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Class action waiver in cruise ticket held enforceable in COVID-19 lawsuit

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Christopher B. Kende explains how a California court denied a motion to certify a class action, based on a class action waiver in the passenger ticket
In this expert briefing Christopher B. Kende of Cozen O'Connor analyzes a recent court decision related to COVID-19 on cruise ships.

We have previously reported on several purported class action lawsuits against Princess Cruise Lines and its parent, Carnival Corporation, involving the ill-fated Grand Princess cruise to Hawaii in February 2020. The cruise suffered an outbreak of COVID-19 on board and numerous passengers contracted the virus.

In essence the lawsuits allege Princess was aware that several passengers on board the previous cruise were suffering from COVID-19 symptoms, and that the cruise line knew or should have known that passengers on the Hawaii cruise would be exposed to the virus. Notwithstanding, Princess failed to provide protective equipment to passengers, or take other measures to prevent virus spread but chose to 'keep the fun going,' by allowing and even encouraging large public gatherings on board, even as certain passengers were beginning to show symptoms.

Theories of liability

The theories of liability include negligence, gross negligence, negligent infliction of emotional distress and intentional infliction of emotional distress.

In September, a federal judge in California dismissed Carnival from one lawsuit, based on the finding that the plaintiffs had not properly alleged that Carnival was the 'alter ego' of Princess. In addition, the court found that the plaintiffs had failed to adequately allege causation and dismissed the claims for negligence and negligent infliction of emotion distress, without prejudice. The court let stand the claim for intentional infliction of emotional distress. Archer v. Carnival Corporation and PLC et al., 2:20-cv-04203, USDC, CDCA (dec. September 22, 2020).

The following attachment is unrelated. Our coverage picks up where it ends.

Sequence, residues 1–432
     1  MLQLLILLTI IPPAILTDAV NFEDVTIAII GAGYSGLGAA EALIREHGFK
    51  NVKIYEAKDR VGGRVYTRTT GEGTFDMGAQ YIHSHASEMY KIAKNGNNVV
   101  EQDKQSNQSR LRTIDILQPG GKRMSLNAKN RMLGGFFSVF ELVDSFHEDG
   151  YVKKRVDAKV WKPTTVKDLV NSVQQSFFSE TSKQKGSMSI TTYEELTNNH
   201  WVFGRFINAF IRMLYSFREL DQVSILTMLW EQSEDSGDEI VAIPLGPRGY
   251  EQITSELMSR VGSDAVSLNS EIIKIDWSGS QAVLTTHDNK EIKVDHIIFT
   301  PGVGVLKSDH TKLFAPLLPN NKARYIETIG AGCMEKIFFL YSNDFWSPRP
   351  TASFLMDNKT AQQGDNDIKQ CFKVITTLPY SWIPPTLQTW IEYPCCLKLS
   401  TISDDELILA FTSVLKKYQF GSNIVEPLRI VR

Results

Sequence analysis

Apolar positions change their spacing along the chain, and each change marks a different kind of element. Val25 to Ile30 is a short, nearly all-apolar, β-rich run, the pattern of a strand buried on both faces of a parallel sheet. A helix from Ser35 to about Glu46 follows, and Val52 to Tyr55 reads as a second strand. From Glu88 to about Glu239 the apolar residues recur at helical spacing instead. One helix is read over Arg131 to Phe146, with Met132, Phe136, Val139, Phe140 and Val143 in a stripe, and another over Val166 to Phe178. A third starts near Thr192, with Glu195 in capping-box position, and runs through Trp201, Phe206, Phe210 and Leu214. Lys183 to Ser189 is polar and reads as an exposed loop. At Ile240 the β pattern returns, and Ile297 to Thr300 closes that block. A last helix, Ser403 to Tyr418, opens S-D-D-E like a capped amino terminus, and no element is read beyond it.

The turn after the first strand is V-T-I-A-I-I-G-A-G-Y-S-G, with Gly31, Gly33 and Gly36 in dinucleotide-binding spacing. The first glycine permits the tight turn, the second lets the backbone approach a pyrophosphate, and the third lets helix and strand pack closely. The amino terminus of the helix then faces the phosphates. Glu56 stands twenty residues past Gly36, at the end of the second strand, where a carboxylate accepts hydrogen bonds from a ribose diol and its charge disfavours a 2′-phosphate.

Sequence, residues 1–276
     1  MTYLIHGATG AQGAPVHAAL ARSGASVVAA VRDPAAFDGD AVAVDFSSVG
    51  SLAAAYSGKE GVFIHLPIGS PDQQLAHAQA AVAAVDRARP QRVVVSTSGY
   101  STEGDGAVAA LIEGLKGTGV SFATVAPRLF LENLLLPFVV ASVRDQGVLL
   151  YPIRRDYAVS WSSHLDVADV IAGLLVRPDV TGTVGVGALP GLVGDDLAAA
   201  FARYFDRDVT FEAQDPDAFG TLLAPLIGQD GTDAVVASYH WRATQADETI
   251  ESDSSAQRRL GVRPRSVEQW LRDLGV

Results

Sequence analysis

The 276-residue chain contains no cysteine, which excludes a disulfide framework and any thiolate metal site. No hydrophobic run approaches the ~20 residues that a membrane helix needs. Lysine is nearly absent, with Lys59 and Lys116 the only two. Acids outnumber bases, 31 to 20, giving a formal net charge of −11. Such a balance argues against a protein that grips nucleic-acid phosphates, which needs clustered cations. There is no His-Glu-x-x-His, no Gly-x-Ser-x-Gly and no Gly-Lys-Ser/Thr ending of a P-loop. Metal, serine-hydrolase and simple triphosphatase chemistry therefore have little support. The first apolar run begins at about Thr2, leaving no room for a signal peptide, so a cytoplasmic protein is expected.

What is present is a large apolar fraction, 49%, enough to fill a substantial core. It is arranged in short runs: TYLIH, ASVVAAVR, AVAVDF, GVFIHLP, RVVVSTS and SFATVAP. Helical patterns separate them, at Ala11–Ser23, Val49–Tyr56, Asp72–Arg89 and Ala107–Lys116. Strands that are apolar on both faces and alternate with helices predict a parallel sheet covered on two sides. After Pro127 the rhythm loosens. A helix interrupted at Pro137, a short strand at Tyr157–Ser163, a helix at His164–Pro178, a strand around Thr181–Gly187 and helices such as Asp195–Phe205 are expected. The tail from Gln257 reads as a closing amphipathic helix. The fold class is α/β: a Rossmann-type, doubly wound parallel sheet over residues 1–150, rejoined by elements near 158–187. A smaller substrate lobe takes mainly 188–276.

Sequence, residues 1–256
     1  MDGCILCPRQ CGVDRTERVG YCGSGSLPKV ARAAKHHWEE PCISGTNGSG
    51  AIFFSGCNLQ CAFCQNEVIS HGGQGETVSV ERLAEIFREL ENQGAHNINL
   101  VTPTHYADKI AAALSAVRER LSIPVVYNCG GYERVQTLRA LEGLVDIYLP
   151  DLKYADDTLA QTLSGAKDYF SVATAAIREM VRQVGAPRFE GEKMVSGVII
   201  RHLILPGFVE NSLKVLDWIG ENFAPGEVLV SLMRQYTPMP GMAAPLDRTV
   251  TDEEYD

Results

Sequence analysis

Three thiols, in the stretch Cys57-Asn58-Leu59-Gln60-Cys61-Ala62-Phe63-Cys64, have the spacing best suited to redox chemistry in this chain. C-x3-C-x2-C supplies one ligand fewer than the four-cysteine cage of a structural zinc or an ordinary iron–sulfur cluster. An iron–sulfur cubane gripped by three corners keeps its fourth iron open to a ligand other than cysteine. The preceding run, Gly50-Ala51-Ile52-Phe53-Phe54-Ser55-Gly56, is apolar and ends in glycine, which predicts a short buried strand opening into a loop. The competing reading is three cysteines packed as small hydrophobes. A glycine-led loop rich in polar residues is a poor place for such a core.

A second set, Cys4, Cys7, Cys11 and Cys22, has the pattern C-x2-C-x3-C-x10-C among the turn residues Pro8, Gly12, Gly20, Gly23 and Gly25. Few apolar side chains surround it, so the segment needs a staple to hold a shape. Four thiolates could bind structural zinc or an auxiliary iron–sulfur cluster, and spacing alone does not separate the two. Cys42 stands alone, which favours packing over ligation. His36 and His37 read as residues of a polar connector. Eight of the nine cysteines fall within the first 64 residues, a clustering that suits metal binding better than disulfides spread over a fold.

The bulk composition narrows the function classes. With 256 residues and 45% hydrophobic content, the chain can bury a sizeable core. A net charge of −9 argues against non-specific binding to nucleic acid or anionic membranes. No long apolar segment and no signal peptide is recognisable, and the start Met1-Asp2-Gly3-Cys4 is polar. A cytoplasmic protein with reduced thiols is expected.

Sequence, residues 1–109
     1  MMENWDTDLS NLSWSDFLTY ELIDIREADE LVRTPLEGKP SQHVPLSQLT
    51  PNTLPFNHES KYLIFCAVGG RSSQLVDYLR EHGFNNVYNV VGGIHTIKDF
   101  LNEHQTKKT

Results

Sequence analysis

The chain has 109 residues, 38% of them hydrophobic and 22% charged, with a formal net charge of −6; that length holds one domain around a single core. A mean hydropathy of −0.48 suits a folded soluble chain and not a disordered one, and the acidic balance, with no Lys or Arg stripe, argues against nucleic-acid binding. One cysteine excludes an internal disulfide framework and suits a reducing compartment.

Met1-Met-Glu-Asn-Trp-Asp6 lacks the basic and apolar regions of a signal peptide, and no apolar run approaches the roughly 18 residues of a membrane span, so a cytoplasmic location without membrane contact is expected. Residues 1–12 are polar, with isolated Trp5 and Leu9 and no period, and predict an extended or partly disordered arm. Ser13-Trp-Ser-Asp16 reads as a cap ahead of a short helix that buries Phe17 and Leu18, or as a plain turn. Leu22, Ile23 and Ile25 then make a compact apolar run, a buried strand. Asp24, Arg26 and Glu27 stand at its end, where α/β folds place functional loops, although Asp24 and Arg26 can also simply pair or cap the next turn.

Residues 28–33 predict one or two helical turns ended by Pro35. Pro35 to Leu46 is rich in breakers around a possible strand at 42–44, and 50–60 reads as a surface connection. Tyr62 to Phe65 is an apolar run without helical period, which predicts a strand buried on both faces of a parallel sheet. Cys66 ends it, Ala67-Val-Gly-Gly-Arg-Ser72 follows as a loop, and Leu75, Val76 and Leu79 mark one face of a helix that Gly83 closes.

On the third iteration of this lawsuit, that same court has now expressly denied a motion that a class action be 'certified,' based on a class action waiver in the passenger ticket. This is a significant defeat for the plaintiffs, as class action certification would mean that one class representative could sue on behalf of all the claimed victims, rendering the potential exposure to Princess hundreds or thousands of times greater than if the case were brought on behalf of the individual plaintiff only.

Class action 'certification' under the federal rules is a complex process on which tomes have been written. Although the court discussed the certification requirements in some detail, it did not have to determine whether the class action vehicle was appropriate and legally permissible, in view of its finding as to the waiver.

The Passenger Contract

Like most other cruise lines, Princess handles most of its bookings on line and the terms and conditions of the cruise, which Princess calls the 'Passage Contract,' are set forth in a website link on which the passenger must click in order to review them. However, when the passenger receives his or her booking confirmation via email, the passenger is advised that booking the cruise is tantamount to expressly agreeing to the terms of the Passage Contract. Further, the confirmation advises passengers to click on a 'Cruise Personalizer' and complete necessary information before sailing.